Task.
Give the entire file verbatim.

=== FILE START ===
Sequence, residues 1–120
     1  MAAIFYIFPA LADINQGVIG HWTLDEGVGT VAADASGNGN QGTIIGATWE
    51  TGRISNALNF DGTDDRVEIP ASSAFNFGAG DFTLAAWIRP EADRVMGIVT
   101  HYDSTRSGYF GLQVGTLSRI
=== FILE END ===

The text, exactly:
Sequence, residues 1–120
     1  MAAIFYIFPA LADINQGVIG HWTLDEGVGT VAADASGNGN QGTIIGATWE
    51  TGRISNALNF DGTDDRVEIP ASSAFNFGAG DFTLAAWIRP EADRVMGIVT
   101  HYDSTRSGYF GLQVGTLSRI